A final vote on a proposed renovation and construction project involving a vacant industrial property is expected next month, after the village attorney got the go-ahead from commissioners this week to draft an ordinance approving the development.
For all the discussion and revision surrounding the proposal for the so-called Roos property on Harrison Street at Circle Avenue, members of the village council Monday said they were eager to push the project forward though they weren’t in agreement on the project itself. Commissioners Patrick Doolin, Mark Hosty and Tim Gillian all expressed an interest in cutting off the discussion and putting the matter to a vote. Doolin, however, prefaced his nay vote and addressed John Schiess, a consultant on the development, expressing his general dislike for putting any housing on the site.
“I’m not voting against you,” Doolin said. “I don’t think this property should ever be developed.”
A 3-2 vote authorized the village attorney to draft an ordinance approving the planned unit development. Commissioner Terry Steinbach joined Doolin in the minority while Hosty and Gillian voted with Mayor Anthony Calderone to approve.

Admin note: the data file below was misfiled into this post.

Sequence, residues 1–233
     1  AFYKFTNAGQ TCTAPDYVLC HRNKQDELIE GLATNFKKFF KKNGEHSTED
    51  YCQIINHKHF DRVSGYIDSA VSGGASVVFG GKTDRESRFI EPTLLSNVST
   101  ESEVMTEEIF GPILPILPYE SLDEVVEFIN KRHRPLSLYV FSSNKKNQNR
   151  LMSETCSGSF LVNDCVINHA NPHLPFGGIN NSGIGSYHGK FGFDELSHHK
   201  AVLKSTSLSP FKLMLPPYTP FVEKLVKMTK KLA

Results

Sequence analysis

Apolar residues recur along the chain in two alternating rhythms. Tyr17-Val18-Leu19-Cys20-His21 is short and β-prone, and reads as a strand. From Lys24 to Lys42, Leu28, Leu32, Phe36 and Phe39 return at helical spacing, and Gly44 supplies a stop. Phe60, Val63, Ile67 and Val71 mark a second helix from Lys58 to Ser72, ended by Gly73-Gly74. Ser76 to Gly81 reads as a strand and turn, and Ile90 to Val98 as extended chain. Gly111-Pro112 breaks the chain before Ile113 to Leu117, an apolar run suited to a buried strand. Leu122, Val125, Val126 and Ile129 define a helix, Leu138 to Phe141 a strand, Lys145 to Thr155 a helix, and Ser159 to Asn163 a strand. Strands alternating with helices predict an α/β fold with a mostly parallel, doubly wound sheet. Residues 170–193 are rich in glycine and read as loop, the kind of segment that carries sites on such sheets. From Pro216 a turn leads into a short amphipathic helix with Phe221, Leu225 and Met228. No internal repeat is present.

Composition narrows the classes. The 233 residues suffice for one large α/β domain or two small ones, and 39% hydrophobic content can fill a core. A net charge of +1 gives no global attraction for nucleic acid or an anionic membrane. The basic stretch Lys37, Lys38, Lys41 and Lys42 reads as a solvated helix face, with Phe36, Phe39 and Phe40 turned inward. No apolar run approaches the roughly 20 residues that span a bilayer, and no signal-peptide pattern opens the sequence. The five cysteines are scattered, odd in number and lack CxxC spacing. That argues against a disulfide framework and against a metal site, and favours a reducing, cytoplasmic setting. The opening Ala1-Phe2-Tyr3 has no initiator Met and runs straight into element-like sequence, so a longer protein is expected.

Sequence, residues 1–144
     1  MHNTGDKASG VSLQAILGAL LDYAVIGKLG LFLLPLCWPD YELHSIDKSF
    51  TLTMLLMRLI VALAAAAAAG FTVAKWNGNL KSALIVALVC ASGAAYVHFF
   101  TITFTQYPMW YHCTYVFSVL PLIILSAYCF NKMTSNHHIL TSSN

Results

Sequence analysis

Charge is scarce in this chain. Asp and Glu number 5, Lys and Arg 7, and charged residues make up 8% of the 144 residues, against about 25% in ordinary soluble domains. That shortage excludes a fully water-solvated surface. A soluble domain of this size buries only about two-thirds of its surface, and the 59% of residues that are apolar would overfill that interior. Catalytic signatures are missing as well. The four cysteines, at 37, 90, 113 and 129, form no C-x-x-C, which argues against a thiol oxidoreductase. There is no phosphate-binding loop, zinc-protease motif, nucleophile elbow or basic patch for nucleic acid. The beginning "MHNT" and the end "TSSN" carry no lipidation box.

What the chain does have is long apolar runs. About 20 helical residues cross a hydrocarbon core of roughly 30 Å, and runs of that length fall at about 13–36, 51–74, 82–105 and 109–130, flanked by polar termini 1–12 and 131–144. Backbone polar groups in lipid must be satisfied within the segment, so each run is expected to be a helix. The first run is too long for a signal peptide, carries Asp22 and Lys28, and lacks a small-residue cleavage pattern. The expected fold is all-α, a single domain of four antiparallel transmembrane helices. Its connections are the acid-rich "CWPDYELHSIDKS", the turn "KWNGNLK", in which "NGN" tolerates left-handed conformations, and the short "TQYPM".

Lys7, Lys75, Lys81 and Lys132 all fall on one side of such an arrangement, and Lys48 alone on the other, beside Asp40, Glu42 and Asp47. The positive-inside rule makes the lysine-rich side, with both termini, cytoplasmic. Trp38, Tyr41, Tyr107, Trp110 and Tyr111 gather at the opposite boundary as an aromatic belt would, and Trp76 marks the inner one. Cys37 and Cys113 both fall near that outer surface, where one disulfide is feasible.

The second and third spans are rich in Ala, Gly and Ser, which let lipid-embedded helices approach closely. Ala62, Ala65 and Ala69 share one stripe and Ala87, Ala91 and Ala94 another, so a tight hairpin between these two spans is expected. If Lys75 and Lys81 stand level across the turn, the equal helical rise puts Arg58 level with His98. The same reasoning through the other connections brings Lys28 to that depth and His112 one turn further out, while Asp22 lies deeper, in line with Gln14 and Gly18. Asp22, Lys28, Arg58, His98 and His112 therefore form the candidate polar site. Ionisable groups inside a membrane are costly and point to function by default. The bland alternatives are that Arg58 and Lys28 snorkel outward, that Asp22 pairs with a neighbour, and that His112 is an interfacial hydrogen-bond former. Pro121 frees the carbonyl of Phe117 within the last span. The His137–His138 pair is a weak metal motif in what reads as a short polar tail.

The plan: This architectural drawing of the development slated for 7329 Harrison St. shows the townhouses in front of the condo units looking west from Hannah Avenue.
For more than a year, village staff and various boards have been reviewing what is now a 98-unit residential rehabbing of the vacant Roos site. The former industrial complex will be outfitted to accommodate 70 condominiums while another 28 townhouses will be erected on the 2.45-acre lot at 7329 Harrison St.
Through every stage of the discussion on the plans, concerns with the density of the proposal, parking shortages and traffic impacts were brought to the fore. At Monday’s council meeting, Steinbach emphasized that the 70 condos have only 80 spaces that will be deeded to the residents and that a minimum of 10 existing public parking spaces in the neighborhood will be lost. She also questioned the effectiveness of proposed traffic calming measures, and scoffed at the idea of using curved mirrors to ensure safety.
“I just don’t think that’s the plan that’s going to keep our pedestrians safe,” Steinbach said.
Somewhat mockingly, the mayor asked village staff members how many times they’ve reviewed the plans and met with the developer, making the point that trained professionals have pored over the minutia of the project. The first public hearing on the proposal was held in September of 2005, and it has since undergone three major revisions, according to a memorandum from staff.
The planning commission, village staff and the village administrator all recommended councilors approve the project.
“I believe our staff has spent a lot of time to come up with a very good development,” Hosty said.
It’s expected that the village council will be asked to give its final approval on May 14, the same meeting during which the winners of the April 17 election will be sworn in.